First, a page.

Fabrizio Rongione talks Two Days, One Night and Marion Cotillard

After making five movies with art-house favourites the Dardenne brothers, the Belgian-Italian actor shares his mentors's methods

Marion Cotillard and Fabrizio Rongione in Two Days, One Night. Courtesy Archipel 35
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Jean-Pierre and Luc Dardenne set a new personal record on the set of Two Days, One Night, clocking 82 takes for a single scene.

In critical circles, the Belgian brothers rank easily among the most respected filmmakers working today. In 2005 they won their second Palm d'Or, for The Child – only six other directors have scooped the top prize at Cannes twice.

Writing, producing and directing all their works together, the pair make one kind of movie – French-language, working-class dramas set in and around their home province of Liège. “Le cinéma des frères Dardenne” is hailed for being many things – naturalistic, moving, moralist – but one thing it never feels is staged or false.

They started out as documentary makers, and each of their nine feature films is lent a claustrophobic sense of social realism, created by the use of shaky hand-held cameras, location shooting and the frequent use of first-time actors.

But their approach is far from spontaneous, says long-time collaborator Fabrizio Rongione, who has appeared in five of the brothers’s films in the past 15 years.

“With the Dardennes, at the first take you have to try something – say holding a glass – and if they like it, you have to repeat it 80 times,” says the Belgian-Italian actor. “And this is a little bit difficult, because as an actor you like to change – after five or six takes you like to try it without the glass.”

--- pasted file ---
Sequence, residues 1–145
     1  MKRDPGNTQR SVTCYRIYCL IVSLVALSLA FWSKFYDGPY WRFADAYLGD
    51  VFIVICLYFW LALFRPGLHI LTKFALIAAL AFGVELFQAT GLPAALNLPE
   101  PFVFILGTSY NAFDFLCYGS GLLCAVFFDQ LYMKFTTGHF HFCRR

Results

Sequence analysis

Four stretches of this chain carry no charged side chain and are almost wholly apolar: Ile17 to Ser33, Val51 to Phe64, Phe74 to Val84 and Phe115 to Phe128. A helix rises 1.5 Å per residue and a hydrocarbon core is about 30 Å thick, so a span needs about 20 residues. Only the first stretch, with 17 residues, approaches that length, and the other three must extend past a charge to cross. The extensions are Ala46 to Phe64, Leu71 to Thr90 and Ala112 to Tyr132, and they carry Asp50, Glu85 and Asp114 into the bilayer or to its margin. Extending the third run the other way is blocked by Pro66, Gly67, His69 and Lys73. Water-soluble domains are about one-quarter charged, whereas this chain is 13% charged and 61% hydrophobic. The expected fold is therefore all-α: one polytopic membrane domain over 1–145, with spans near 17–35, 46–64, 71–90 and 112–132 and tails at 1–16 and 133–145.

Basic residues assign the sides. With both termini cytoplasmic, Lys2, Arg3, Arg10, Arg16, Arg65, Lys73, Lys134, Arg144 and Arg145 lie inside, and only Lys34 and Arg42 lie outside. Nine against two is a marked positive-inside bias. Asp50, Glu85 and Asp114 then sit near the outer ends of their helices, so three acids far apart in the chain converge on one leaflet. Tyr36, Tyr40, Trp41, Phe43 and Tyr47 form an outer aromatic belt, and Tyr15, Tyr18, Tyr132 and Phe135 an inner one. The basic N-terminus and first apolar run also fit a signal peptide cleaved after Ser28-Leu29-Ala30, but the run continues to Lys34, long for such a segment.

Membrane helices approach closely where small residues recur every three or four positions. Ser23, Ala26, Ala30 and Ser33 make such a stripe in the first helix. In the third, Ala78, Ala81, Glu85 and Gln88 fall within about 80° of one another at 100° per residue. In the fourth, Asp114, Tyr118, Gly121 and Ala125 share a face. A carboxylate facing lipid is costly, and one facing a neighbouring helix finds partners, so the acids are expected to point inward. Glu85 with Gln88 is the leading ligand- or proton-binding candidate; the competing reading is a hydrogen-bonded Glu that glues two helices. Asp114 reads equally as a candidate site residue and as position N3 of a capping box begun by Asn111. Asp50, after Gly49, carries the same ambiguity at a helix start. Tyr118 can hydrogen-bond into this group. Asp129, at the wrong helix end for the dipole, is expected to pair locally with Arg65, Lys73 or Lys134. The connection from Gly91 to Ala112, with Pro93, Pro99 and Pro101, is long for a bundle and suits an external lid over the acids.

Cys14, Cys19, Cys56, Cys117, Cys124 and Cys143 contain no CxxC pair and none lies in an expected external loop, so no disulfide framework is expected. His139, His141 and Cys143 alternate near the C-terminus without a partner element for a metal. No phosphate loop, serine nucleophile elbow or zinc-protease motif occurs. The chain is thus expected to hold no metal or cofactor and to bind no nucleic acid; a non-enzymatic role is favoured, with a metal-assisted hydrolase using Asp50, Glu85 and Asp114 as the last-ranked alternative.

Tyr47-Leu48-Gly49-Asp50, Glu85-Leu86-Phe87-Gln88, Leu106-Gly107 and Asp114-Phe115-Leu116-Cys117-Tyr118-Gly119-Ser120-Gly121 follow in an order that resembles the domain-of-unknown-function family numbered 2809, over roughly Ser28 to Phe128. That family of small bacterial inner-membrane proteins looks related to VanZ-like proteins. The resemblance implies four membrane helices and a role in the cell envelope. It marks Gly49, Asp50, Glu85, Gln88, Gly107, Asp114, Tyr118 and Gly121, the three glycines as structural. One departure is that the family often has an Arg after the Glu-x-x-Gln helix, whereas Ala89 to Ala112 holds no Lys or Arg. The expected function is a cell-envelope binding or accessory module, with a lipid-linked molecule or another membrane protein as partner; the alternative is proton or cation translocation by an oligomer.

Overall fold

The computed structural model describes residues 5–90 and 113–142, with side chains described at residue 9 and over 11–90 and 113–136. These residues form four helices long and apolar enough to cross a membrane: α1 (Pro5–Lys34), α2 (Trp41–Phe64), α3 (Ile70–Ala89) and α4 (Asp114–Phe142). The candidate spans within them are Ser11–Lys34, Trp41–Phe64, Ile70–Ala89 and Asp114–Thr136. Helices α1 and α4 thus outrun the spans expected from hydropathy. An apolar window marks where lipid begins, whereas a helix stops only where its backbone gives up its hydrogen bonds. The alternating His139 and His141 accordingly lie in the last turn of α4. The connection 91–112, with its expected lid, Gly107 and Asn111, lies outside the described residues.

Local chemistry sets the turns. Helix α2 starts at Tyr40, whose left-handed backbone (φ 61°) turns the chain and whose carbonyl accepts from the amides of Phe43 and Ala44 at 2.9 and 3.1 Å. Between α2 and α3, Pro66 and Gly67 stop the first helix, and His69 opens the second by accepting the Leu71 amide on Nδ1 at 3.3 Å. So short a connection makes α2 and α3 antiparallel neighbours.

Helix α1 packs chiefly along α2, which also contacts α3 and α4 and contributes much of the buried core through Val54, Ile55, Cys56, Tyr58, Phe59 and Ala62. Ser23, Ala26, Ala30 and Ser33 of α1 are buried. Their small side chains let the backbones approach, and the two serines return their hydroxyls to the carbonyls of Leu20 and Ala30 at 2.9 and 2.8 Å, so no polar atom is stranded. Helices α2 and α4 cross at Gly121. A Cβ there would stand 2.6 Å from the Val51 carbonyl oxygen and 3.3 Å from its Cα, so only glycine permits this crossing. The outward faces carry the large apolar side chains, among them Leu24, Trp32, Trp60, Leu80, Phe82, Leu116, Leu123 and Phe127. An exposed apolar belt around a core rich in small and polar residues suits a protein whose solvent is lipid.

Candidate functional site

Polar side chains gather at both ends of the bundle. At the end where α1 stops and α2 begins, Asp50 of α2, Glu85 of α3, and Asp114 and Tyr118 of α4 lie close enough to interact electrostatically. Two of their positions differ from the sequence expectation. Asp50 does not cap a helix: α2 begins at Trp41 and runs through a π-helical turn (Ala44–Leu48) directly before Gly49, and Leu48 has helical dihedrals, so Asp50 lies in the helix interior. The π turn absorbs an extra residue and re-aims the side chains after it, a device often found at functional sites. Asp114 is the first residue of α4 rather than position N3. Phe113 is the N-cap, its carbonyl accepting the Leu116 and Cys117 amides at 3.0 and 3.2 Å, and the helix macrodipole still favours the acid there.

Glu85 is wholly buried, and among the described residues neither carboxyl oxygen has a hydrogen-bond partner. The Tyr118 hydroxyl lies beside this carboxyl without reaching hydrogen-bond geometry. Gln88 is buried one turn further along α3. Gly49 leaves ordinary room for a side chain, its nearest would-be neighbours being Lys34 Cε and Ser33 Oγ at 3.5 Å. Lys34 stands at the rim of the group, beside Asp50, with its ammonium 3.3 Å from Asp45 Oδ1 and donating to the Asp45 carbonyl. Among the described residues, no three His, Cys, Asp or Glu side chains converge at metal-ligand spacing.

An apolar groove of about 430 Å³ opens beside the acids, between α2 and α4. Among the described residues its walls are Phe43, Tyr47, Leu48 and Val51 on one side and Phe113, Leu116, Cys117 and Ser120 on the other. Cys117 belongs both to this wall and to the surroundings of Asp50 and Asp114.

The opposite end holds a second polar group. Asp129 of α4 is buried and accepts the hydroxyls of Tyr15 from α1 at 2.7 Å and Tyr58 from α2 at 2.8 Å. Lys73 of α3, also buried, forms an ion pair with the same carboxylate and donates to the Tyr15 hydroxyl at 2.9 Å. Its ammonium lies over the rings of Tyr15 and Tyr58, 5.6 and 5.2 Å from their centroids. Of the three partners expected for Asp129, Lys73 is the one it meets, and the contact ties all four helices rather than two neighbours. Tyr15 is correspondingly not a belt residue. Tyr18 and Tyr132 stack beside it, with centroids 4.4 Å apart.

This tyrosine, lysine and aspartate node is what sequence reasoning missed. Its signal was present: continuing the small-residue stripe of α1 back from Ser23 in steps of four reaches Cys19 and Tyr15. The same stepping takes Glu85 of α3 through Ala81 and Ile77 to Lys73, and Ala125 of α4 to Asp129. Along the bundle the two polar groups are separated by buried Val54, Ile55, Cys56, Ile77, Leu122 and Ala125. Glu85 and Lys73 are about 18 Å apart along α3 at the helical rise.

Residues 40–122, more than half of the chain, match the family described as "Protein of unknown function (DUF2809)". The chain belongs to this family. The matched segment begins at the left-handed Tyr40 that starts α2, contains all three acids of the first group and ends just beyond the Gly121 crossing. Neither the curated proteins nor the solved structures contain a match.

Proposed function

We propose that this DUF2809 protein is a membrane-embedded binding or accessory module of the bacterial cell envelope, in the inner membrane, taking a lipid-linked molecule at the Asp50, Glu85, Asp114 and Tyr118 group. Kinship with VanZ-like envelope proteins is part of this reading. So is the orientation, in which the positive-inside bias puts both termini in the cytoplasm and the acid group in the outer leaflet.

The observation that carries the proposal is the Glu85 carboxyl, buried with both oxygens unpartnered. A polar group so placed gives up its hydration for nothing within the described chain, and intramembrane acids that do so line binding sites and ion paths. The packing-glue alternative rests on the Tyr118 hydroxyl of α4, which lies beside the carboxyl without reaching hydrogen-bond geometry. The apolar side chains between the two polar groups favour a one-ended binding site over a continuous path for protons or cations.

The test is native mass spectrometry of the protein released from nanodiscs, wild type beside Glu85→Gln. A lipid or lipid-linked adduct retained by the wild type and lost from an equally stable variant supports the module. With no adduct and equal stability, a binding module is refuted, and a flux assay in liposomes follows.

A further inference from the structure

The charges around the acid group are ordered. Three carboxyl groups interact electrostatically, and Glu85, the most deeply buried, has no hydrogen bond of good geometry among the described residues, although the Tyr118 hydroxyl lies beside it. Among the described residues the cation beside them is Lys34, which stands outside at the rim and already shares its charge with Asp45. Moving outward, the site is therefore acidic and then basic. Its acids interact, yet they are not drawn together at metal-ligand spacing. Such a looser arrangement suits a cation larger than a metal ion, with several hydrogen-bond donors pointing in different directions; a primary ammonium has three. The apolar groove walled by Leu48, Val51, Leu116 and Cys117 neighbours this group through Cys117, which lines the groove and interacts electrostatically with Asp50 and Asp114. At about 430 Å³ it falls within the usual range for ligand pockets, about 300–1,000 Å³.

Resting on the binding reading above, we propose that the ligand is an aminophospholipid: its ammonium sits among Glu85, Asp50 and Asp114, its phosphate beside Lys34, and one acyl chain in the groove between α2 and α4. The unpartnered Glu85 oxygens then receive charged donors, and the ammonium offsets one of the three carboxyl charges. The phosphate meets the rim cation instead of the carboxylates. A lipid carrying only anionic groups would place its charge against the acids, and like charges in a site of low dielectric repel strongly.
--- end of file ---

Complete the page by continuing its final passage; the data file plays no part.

In the past year a wider audience has begun to discover the Dardennes's work. After close to three decades of casting relative unknowns, in 2014 the brothers expanded their appeal beyond the art-houses by recruiting A-list actress Marion Cotillard to star in Two Days, One Night.

Offering a stunning performance hailed by many as her best, the French Academy Award winner plays Sandra, a factory worker threated with redundancy who can only save her job by convincing her co-workers to pass up their bonus payments.

A universal tale of resilience and humanity, since premièring at Cannes in May 2014 the film has won several awards and earned five-star reviews.

Sandra steadfast saviour, her husband Manu, is played by 41-year-old Rongione.

“She’s a beautiful woman,” says Rongione with a typical Italian flair. But he revealed that she found the exhaustive Dardenne filming process a challenge – but ultimately very rewarding.

“Being the first time she had worked with them, she was a little bit stressed out,” he says. “She had never worked like this in her career.

“But on set she told me that it was her best experience of acting. The Dardennes took her really far away – with the brothers you have to work, there’s a lot of scenes and takes. They are looking for something, they don’t know what, or maybe they know and they don’t tell the actors.”

There is perhaps no one better placed to comment on the Dardennes’s working methods than Rongione, who has enjoyed incredible loyalty from the brothers, appearing in five of their six most recent films.

A theatre actor by trade, he made his first big-screen appearance in 1999's Rosetta, which earned the brothers their first Palm d'Or. He has since worked with them on The Infant (2005), Lorna's Silence (2008) and The Kid With a Bike (2011).

“I have been thinking since Rosetta that they would never, ever call me again, and after each movie I think this is the last time,” says Rongione.

“Maybe today, from the last film, I finally understand what they’re looking for [with so many takes] – the perfect match of the movement of the actor, and the movement of the camera. For me, this is the Dardennes’ cinema – the choreography of these two bodies.”

The key to obtaining this match is offering the actors little direction and zero backstory. Instead of discussing cinema, they restrict their conversations with Rongione to football.